Life is a Cycle…Or is it a Recycle?

I need to preface my first recycling experience by taking you back to the year 1975. I played the piano for my church youth choir. One of the Sundays I was playing, the minister was performing a baptism. It just so happened to be for the son of my geometry teacher—no pressure there! I was asked by the choir director to play an interlude during the ceremony after the minister said, “Let us pray.” However, I misunderstood the instructions for when I was to begin playing. I had made a mental note to begin after he said the first, “Let us  pray.” In actuality, she had said I was to begin after the second, “Let us pray.” Are you following? So, after the first, “Let us pray,” I began playing a soft little tune. However, it was v..e..r..y…bad timing for a melodic interruption. The choir director turned toward me with her hand out and said quietly, but with a definite firm tone, “Stop right there.” Soooo…..I invented a chord that would have made Bach roll over in his grave and ended the catastrophe. Through the years, when my embarrassing goof up fleetingly crossed my mind, I would cringe. I am glad to be able to say that he is now a respected doctor. What a relief it is to know that my musical mishap did not jinx his future. Whew!

Now, let’s fast forward to Sunday, October 25, 2009…35 years after my musical mess. I went to Elkin to celebrate my mother’s birthday and to go to church with her. As I was reading the bulletin before the service began, I noticed that there was to be a baptism that day for a doctor’s son. Have you figured it out yet? I sat there in disbelief as I witnessed the baptism being performed on the baby son of the man whose baptism I had messed up…oh so many years before. I told him about it after the service and we had a nice laugh. Ahhh…the beauty of the recycling of life…

The next recycling of life event happened when I was doing a book signing at Cherries in Clemmons, N.C. A lady came over and asked me to tell her about my books. She was with her teen-aged grandchildren. I dedicated my first children’s book, The Everlasting Snowman, to my father following his death as a gentle explanation for children about the natural cycle of life.  The lady happened to mention that she had briefly lived in Elkin. I said, “Well, I grew up there!” As she was looking through The Everlasting Snowman, she glanced up at me and asked me my name. After I told her, a stunned expression came over her face and her eyes were flooded with tears. She said, as she was pointing towards her grandkids, “Your father delivered my daughter—their mom!” I got goose bumps and the concept of the recycling of life was confirmed once again.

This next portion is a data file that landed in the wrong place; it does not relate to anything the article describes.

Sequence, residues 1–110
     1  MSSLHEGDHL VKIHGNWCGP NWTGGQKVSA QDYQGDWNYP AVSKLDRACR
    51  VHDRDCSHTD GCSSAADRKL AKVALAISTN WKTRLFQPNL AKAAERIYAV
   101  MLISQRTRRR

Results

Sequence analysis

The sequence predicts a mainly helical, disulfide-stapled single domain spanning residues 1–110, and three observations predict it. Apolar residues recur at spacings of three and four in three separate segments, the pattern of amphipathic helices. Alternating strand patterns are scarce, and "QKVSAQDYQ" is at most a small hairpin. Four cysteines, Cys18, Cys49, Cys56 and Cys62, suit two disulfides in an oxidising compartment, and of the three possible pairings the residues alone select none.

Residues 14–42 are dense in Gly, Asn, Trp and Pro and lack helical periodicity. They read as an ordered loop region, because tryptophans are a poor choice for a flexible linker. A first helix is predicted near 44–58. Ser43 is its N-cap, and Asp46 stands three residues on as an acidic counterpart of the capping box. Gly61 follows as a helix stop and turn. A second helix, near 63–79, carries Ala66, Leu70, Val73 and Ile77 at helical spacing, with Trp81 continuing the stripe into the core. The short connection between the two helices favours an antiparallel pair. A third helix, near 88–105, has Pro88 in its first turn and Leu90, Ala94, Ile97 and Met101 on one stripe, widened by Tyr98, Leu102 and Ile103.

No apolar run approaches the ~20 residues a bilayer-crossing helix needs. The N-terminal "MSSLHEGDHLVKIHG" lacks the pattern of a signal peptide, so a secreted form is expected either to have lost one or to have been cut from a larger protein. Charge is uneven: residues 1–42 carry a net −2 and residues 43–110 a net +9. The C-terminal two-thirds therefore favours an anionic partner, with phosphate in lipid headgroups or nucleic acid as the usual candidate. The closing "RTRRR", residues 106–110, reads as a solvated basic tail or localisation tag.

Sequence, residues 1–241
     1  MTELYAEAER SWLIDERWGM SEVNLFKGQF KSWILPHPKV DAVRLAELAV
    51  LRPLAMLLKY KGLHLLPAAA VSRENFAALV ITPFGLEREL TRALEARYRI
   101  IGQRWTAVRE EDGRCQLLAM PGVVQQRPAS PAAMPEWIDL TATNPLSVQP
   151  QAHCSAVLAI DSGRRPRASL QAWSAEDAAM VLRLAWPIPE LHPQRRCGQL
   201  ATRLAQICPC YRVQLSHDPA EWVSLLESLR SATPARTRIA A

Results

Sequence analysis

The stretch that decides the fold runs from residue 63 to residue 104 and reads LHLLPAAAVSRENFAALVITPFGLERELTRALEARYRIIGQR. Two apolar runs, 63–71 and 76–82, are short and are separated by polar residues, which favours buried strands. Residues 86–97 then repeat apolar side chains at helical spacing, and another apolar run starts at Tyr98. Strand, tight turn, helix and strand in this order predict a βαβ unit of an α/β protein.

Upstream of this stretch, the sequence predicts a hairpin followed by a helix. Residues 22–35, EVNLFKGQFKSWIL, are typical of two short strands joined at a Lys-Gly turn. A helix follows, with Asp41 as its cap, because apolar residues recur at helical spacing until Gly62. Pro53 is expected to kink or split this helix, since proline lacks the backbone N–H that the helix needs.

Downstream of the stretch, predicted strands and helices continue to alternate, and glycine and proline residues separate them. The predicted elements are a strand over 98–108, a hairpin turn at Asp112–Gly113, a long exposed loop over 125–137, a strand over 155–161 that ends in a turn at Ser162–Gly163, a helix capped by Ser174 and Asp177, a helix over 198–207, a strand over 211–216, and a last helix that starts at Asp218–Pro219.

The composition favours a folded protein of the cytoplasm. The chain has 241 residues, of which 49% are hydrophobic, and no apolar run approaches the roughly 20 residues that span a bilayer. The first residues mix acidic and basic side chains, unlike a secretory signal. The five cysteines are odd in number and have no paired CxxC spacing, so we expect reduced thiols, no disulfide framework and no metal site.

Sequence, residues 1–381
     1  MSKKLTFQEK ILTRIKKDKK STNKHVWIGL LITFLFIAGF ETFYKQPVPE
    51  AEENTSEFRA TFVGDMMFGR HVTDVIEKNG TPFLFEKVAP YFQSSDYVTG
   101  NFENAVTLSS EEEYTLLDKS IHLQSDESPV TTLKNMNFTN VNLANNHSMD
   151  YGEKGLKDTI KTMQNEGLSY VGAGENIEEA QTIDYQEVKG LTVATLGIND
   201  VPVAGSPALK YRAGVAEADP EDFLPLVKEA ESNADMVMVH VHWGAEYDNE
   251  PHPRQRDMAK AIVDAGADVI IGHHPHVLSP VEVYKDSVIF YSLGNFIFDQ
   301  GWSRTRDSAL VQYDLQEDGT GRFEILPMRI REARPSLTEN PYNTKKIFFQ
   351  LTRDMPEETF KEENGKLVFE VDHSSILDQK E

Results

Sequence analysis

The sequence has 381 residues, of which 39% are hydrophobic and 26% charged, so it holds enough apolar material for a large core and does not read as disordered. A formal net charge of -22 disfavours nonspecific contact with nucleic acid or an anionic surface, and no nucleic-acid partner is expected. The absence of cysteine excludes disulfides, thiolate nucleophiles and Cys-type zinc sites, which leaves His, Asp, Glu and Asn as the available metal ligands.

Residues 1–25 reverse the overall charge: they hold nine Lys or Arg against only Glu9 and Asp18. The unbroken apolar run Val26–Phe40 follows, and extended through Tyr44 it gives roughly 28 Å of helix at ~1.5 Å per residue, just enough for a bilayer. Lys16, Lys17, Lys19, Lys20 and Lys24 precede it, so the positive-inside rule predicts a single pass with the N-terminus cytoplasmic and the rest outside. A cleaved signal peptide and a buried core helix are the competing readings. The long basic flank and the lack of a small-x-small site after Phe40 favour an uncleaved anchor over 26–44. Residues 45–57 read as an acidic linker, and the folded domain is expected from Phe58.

Now to round out this recycling concept in this jam packed period, I have one more story to prove the point. Let me preface this story by saying that I was a student at Meredith College in Raleigh from 1976-1980. My friends and I spent countless hours in the cafeteria eating, laughing and continually catching up on each others lives. Now, let’s recycle forward to the present time period.  My son enjoyed the life of a NC State student. I received a text message from him his freshman year simply saying, “I just left Meredith. I was doing the salsa in the cafeteria!” It was the strangest feeling that 30 some years later, my son was dancing in the cafeteria that had once hosted my friends and me on a daily basis—proof of the great recycling of life. I suppose, the only residual question is, “Why was he doing the salsa in the Meredith cafeteria?” The answer may be fodder for another column. I’ll keep you posted…

Hunter Darden-personalized copies of my books may be ordered by scrolling to the top of the page and clicking on the link or email me at hunterdarden@gmail.com.

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About Hunter

Hunter has been living her dream of being an author after falling in love with the Nancy Drew Mysteries in the fourth grade. She has incorporated her love for words along with her psychology degree from Meredith College to create books that can be aids in healthy nourishment for the mind. She is the author of five children's books, a photography book and a novel. She has been a human interest columnist for The Charlotte Observer (2001-2005) as well. She was the recipient of the "50 Great Writers You Should Be Reading" by The Author's Show, the Meredith College Career Achievement Alumnae Award and the Excellence in Creative Writing Award by the General Federation of Women’s Clubs. She is a public speaker and teaches a writing camp for kids called Writer's Cramp Camp. (The animated art on this blog is provided by http://www.appleanimation.com)
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